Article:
Managing the Large Cast of Characters #amwriting

Today we begin a series on character creation. A large cast of characters can be difficult to write well. We want each character to have an evolving personality. The reader wants to know them as friends, to see them to grow in a positive or negative way as the events of the story unfold.

MyWritingLife2021BI try to keep the ensemble narrow in my work, limiting points of view to only one, two, or three characters at most. I keep the core cast limited to four or five, as it takes a lot of effort to show more people than that as being separate and unique.

Any number of evolutionary occurrences can happen in the first draft, and the plot will often change from what was originally planned. I use a stylesheet, also known as a storyboard, to keep track of the plot and the characters.

  • I update my stylesheet/storyboard whenever a significant change occurs. This avoids errors such as a character’s name being a duplicate.

So, let’s talk about books with large casts of characters. How do other authors keep large casts separate and prevent their readers from becoming confused? How do they do this and ensure the plot rolls forward at a good pace?

Several years ago, I read Nine Perfect Strangers by Australian author Liane Moriarty and talked about it on this blog. The book details the experiences of nine people booked into an exclusive Australian health spa and three staff members.

Nine_Perfect_Strangers_Liane_MoriartyMoriarty’s characters are immediately engaging. They sucked me into their world in the opening pages. I couldn’t set the book down, as I wanted to know everyone’s dark secrets. I was hooked; I had to understand what led these people to book themselves into that exceedingly unusual health spa.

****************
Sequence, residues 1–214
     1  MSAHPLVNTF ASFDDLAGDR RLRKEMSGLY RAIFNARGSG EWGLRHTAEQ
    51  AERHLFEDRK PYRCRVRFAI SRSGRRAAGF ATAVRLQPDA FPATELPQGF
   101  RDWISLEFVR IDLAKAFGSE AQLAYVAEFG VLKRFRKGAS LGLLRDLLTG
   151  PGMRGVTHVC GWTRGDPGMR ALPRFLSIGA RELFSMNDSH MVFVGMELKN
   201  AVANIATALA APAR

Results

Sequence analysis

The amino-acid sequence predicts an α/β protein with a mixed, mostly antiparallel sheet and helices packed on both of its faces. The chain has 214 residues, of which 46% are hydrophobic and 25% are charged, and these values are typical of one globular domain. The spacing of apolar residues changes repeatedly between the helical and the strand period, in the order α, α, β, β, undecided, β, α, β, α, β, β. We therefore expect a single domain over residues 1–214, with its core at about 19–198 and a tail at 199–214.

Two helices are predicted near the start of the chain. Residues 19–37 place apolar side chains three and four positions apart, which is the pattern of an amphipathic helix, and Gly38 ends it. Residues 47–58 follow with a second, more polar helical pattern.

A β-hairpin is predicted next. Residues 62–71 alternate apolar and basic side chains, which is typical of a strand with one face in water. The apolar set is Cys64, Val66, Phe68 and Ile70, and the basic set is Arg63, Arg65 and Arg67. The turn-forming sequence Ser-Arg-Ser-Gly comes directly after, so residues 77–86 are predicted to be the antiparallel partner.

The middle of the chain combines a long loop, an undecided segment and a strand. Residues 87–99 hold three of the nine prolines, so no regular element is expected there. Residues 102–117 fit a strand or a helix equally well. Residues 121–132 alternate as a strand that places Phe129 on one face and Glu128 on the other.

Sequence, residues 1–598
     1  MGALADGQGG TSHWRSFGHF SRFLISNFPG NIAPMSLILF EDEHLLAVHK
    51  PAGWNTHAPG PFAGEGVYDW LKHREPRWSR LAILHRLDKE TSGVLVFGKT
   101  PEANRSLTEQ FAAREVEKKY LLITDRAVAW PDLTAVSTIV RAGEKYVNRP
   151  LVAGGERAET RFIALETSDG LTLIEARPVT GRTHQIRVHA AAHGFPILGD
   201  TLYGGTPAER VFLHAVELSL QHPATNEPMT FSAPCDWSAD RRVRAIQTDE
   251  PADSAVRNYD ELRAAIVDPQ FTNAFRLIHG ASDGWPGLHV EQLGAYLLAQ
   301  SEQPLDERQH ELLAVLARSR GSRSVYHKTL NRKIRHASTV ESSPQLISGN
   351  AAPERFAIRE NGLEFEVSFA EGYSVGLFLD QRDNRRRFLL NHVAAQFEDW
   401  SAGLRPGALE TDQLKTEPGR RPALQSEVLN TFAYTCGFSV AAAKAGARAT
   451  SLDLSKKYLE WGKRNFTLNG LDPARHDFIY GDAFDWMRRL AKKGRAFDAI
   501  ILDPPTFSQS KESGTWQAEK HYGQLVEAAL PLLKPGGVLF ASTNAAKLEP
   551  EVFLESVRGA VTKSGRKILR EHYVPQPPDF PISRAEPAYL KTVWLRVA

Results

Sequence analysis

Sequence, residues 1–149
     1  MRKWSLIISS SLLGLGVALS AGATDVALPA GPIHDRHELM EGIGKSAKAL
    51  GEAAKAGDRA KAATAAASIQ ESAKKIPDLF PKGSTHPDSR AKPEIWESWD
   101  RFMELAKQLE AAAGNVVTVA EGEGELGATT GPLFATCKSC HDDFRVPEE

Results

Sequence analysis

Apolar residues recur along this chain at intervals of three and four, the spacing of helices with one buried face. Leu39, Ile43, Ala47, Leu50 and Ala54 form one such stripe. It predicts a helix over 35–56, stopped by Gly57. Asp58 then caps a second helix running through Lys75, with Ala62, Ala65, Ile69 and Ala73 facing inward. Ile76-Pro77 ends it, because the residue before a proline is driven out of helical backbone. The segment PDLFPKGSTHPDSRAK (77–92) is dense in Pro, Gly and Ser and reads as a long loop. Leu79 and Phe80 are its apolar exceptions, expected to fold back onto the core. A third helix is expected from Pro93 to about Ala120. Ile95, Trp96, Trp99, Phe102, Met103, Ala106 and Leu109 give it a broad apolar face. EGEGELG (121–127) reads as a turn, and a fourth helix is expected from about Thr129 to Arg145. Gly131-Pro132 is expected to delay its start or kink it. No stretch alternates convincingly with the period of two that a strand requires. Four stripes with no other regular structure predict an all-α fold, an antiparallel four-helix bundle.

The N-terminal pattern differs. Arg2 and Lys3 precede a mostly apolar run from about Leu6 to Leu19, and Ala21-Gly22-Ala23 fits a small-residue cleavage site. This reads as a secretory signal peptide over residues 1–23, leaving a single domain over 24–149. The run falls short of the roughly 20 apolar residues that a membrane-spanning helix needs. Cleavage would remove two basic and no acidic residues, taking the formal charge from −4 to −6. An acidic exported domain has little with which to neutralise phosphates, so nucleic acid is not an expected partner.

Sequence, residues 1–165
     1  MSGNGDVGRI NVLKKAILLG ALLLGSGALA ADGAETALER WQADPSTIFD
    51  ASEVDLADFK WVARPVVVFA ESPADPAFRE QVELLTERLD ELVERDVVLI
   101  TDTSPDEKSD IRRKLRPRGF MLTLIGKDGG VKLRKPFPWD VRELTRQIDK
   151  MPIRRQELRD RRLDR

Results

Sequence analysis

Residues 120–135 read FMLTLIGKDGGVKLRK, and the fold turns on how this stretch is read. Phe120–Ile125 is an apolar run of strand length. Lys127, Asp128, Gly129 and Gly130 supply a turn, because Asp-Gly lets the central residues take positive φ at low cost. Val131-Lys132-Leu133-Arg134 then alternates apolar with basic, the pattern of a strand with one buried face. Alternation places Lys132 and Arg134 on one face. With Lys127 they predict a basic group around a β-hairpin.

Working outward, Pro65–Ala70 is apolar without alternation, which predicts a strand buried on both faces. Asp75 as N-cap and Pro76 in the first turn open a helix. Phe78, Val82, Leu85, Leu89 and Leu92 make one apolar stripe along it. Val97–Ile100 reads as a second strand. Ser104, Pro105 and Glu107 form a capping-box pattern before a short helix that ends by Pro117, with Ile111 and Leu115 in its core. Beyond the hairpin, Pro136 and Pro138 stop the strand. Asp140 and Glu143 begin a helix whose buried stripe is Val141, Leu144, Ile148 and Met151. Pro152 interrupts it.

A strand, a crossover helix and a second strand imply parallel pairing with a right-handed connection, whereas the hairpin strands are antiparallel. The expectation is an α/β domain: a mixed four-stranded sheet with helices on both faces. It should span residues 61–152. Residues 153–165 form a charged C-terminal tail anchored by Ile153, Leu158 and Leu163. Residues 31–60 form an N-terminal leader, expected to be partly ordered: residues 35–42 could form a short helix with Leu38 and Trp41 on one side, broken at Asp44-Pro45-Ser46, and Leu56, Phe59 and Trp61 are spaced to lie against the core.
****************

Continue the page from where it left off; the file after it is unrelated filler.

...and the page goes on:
• Moriarty introduces us to the cast by opening with Yao and his experience as an EMT and introducing us to Masha as she suffers a heart attack.

The story picks up a decade later when nine people meet at a remote Australian health spa. They’ve all been lured there by word-of-mouth and brochures that promise to transform their lives. They are guaranteed a complete transformation in only ten days, which seems impossible.

  • All have deeply personal reasons for wanting their life to be changed for the better.

The characters are wary, as the reviews they have read are glowing, and so are the recommendations by their friends. But no one will explain how such a change will be accomplished.

  • Each guest arrives with emotional baggage.

So—everyone steps onto the stage with reasons for being there. This sucked me in and made me like or dislike each guest from the outset. And whether I liked them or not, I wanted to know their secrets.

  • Several chapters in, Masha, whom Yao rescued from a heart attack in the opening pages, is revealed as the benevolent antagonist.
  • Yao has become her ardent disciple.

The pair was exceedingly mysterious. I couldn’t tell exactly what their relationship was, and it intrigued me. Was Yao her lover, her henchman, or both?

  • How had Masha and Yao come to form this strange partnership? They had only met in the line of duty because of her heart attack.
  • At the outset, I had to know Masha’s secret and how she had become this guru.
  • I needed to know what she and Yao were up to.

This novel demonstrates that one doesn’t have to follow every literary rule to make a great, engaging narrative. Structurally, the plot is choppy, and the ending is a series of infodumps.

But it works because Moriarty establishes each character as an individual at the outset. Each one is infinitely relatable, and their personal stories are layered into the plot-arc, forming an onion-like narrative. I had to read, had to keep peeling that onion, eager to get to the core.

  • She gives them each a vivid personality, a physical appearance that is only theirs, and a unique history.
  • Each guest embodies a mystery that unfolds as the plot progresses.